My grandfather was the first in my family to get involved in education. Eighty-five years ago, he set up a school in Bagar, Rajasthan, where the first student was a Harijan. He also set up the first girls’ school there, something unheard of at the time. Having spent the past decade working with Pratham, India’s largest NGO dealing in primary education, I firmly believe that education can and is making a difference.
It is true our country has made much progress over the past few decades by establishing various enabling structures for universalising education. The government has created enough infrastructure by way of schools, and the implementation of the Right to Education Act and the Sarva Shiksha Abhiyan have helped push up enrolment rates in government schools to more than 95 percent. The mid-day meal scheme, however flawed in practice, does encourage children to attend school.
However, we also know from the Annual Status of Education Report (ASER), which Pratham has been publishing since 2005, that there has been a continual decline in actual student learning, to the extent that more than 50 percent of Class V students in government schools cannot read a Class II text. India’s performance in the Programme for International Student Assessment (PISA) survey in 2012, in which only Himachal Pradesh and Tamil Nadu — India’s two best states — participated, was similarly abysmal. In reading and mathematics, the two states beat only Kyrgyzstan in the 74-country survey. All of this, combined with the high dropout rate, highlights that it is time for deep introspection and action on the quality of primary education.
To address this issue, we have been working on a model of educational leadership through the Piramal Foundation for Education Leadership — a three-year partnership with headmasters in government schools to develop their leadership capacity to facilitate school reform. Headmasters are uniquely positioned to influence behavioural changes in the school environment and in the larger community. Besides, they are the link between the school and the larger education system to help create a pipeline of efficient administrators. We believe that provided the right kind of support, they are able to articulate their vision as school leaders, set time-bound goals for improving school processes and take decisions towards building better learning outcomes.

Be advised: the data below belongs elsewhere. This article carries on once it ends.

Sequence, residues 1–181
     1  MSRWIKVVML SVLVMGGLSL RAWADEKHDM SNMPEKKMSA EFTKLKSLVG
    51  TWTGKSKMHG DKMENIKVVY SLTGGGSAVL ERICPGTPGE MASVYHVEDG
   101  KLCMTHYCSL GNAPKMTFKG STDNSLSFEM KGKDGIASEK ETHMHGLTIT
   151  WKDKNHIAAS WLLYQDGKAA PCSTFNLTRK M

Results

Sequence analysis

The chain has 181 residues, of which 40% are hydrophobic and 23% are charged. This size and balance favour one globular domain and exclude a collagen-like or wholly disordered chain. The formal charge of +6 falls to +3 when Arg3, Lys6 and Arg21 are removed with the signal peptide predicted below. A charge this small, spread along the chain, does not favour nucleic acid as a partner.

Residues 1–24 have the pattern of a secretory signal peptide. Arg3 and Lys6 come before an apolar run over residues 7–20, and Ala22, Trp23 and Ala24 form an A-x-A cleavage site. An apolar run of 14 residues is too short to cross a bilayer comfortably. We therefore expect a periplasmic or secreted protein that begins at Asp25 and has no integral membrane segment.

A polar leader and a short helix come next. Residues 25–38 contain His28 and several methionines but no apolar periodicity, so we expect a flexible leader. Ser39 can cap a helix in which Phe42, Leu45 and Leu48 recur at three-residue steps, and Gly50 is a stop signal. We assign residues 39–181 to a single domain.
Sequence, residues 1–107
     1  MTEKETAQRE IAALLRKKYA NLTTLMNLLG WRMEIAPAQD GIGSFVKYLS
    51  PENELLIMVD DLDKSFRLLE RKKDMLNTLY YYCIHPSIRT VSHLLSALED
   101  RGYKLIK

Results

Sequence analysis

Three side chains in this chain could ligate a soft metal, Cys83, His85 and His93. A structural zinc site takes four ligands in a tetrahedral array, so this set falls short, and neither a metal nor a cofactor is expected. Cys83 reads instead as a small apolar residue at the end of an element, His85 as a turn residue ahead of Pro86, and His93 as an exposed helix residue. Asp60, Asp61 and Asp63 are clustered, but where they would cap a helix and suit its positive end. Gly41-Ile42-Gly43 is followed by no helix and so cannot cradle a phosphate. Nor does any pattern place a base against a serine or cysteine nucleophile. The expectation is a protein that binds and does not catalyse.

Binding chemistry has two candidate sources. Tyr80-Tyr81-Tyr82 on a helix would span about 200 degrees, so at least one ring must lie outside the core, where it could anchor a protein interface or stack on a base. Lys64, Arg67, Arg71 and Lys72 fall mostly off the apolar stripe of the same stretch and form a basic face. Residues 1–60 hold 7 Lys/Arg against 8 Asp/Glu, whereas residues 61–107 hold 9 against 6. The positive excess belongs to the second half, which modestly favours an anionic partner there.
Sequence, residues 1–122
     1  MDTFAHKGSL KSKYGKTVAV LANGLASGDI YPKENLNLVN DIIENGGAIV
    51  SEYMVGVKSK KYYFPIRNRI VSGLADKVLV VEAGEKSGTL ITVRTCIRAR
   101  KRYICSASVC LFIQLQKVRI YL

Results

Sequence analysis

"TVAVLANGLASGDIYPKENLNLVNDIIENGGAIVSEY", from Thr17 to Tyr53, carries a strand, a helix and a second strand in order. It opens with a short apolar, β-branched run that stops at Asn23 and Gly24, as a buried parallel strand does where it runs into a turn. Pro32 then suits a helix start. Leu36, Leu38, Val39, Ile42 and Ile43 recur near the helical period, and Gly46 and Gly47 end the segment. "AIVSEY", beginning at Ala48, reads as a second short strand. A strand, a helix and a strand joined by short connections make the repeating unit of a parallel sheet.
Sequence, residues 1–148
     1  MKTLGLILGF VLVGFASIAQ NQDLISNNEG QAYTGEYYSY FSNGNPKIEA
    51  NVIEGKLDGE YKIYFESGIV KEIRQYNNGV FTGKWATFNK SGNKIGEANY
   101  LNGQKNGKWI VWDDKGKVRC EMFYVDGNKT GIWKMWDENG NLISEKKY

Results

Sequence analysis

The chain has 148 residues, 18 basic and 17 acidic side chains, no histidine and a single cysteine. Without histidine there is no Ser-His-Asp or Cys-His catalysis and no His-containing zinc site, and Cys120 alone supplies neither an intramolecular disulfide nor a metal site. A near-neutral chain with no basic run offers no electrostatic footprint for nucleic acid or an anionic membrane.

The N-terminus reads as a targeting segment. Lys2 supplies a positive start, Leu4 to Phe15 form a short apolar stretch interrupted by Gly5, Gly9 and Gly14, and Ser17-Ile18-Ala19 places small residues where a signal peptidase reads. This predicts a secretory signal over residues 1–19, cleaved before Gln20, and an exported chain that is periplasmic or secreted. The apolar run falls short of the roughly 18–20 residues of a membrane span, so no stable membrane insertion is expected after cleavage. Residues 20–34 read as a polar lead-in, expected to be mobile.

We facilitate this change through a fellowship scheme, which we began about five years ago. The Piramal Fellowship is an intense two-year youth leadership development programme that helps talented young people develop the skills to cause positive and lasting change in society. Fellows work as ‘sahyogis’ to five school principals each, and bring their problem-solving skills and creativity to grassroots issues.
Taking the learnings developed through these two programmes, we are also working to launch the Piramal School of Leadership in Jhunjhunu, Rajasthan, which will offer accredited courses in education leadership, social leadership and change management, which we believe can contribute to a pipeline of future national leaders.
A good education is really the bedrock for creating enlightened citizens. By ‘enlightened’, I encompass different categories: individuals who will be wealth creators, those who will contribute to nation-building through sheer hard work and those who will work to bring about development at a societal level. For all the talk about our demographic dividend, it is indisputable that if the young generation lacks education, it loses its employability and any dividend is a mirage.
A McKinsey report last year found that over 50 percent of the workforce is underqualified and if we do not take drastic measures, this number will grow much more in the next two decades, when more than 17 crore people will enter the workforce. We must serve our future citizens by moving beyond focussing purely on literacy — by upgrading our vocational education delivery and making the citizens empathetic and ready for the future.
All this requires extensive partnership between the government and the private sector. The government has the programmes, necessary funds that we can never match, a huge network and the reach required to effect change. NGOs, on the other hand, are always looking to try out new ideas in their quest to improve overall quality. The willingness and ability to innovate is, indeed, key to making a paradigm shift. Innovation by its very nature entails failure; we need to build on these to discover approaches that do work. Unlike the government, NGOs can afford to take these risks. However, we need to accept that any change that we introduce has to be capable of being scaled up — a lot of entrepreneurs are happy with the work they are doing in a small catchment area. If we are to solve the problems of our country, we need more audacious and ambitious targets.